"As usual," Fernando shrugged impatience with his son-in-law's recklessness, "your confidence is misplaced. It is a policy, not a law, done as a favor to the German side of my family. The ‘Nazi,’ as you call him, could change his mind. Exceptions are not unheard of and if one is made, the baby will not go with you and your farm will be taken. I happen," his mouth twisted wryly, "to like it here."

Gustav's shoulders heaved with this new knowledge. The certainty fled his eyes to be replaced in the next moment by determination.

"Do your worst Fernando."

"I'm sorry it has to be like this Gustav."

"As am I señor."

The nurse returned to stand beside Fernando. "Well?" he said.

"The baby is in good health and good spirits."

Fernando looked at him with a sadness and a feeling that Gustav had never before detected in the man.  Neither stuck out a hand. Fernando went to his horse and the party turned back down the trail without speaking.

Gustav stood there feeling exultant yet lucky. No one died, no one even hurt, and he still had Wilhelm. And yet he felt uncertain. He had known the feeling before but it was far from usual.

*   *   *

After it was over we were so happy, exulting in Don Gustavo's victory and he was feeling strong. And he was. We made the posse a picnic when they returned that day and served them great volumes of the chicha we kept fermenting at all times. Everyone was feeling good and the men, especially the younger ones began to act like young braves do after they've faced their first fearful encounter. They had been determined but they did not know if the Ladinos would fire on them or how many of them might die or be injured before they prevailed—which they never doubted. Our people had fought the Spanish and their offspring and their hired Náhuatl soldiers, but we are so many different peoples that our enemies had been able separate us, even to get us to fight each other. So my father said.

"Don Gustavo is not Spanish nor is he like the other Germans who came to us. MaXimon has a true plan," father said knowingly, again, that day.

I saw Don Gustavo with my father. He treated my father as though he were the true leader of the posse and the men treated my father so as well, and they treated Don Gustavo with greater respect because of his deference to my father. Don Luis saw it also and he left the party without speaking to Don Gustavo. Carlos had not joined the posse and I was happy not to have to talk to him.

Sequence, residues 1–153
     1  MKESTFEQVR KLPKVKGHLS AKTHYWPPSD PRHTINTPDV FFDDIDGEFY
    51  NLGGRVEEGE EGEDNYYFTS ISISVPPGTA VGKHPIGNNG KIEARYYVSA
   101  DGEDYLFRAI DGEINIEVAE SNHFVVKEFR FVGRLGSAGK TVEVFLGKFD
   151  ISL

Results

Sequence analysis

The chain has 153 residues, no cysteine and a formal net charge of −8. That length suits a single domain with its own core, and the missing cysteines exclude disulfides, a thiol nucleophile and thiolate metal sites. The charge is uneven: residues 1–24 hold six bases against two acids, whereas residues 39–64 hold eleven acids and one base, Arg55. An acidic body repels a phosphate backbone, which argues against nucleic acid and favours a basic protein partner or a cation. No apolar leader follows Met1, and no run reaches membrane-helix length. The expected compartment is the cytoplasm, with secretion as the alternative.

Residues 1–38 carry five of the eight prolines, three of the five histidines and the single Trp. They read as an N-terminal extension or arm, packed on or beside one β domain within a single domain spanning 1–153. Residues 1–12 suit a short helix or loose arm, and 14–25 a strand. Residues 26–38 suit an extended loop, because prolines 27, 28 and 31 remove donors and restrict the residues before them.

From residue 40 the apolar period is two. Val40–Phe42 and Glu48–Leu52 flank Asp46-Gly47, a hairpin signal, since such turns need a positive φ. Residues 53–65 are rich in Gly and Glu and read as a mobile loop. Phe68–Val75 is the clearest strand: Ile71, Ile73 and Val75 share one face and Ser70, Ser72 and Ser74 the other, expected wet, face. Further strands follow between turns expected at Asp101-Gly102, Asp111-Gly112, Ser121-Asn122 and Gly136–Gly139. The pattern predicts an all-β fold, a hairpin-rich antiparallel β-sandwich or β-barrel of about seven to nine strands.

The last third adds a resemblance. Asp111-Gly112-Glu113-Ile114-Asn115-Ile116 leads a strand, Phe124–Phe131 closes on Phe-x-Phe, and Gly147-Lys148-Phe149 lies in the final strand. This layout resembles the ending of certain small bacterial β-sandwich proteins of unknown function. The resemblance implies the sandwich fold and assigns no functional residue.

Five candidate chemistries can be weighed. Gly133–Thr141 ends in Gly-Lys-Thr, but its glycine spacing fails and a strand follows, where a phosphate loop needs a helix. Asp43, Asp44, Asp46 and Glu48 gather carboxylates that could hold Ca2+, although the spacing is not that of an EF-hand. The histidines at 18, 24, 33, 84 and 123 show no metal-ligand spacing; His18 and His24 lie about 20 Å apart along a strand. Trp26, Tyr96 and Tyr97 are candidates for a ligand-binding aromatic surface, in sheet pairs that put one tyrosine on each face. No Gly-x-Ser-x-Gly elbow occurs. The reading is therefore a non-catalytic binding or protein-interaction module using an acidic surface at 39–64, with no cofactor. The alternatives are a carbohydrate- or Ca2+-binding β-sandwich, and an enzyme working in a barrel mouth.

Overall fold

After the party was well started, I went to the babies and fed them. By then William was so much bigger than Pakel that he nursed for twice as long my baby. Finally I could put both of them to sleep and with my cup of chicha, I went to the back porch and sat on the steps away from the party that would last most of the night. It had been several minutes and for some reason I looked behind me. Don Gustavo stood there. Perhaps he moved a little, or I heard him breathing, but I tried to stand as soon as I saw him and he said, "No, please, I will join you," and he sat beside me on the steps.

He sat, not too close, but close enough for my skin to sense his skin and for his odor to waft to me. We did not speak, yet after a few minutes I began to want to be closer to him. Still neither of us moved. I felt the tension rise, his knee moved, accidentally perhaps, to touch mine. I pressed back and I knew I wanted him. And I'm sure that now my odor pursued him as well. It had been a long time since I had known Carlos and from time to time, I dared to imagine Don Gustavo as my partner. In that moment I knew he had been thinking of me also.

We spent that afternoon and evening in his bed. I was happy and safe and could not get enough of his loving. I could not get enough of him and he was strong for me, for hours. I realized much later that what I learned that day was the difference between a boy and a man, and a girl and a woman. But in those days, I thought his manner of loving was because he was a foreigner. Somehow, I thought being German was what made him my lover and it somehow empowered me to love him in ways I had never imagined. He was so urgent and needy—yet so generous. I was just a girl but that was what I learned that day.

In the dark he tried to say, "Tle'pe'kil," but he made my name sound like "T-pickle" and I began to laugh and then he laughed, and we laughed a long time. "You are beautiful," he said, "I call you María." And so I became María and a wife and a woman in the same afternoon.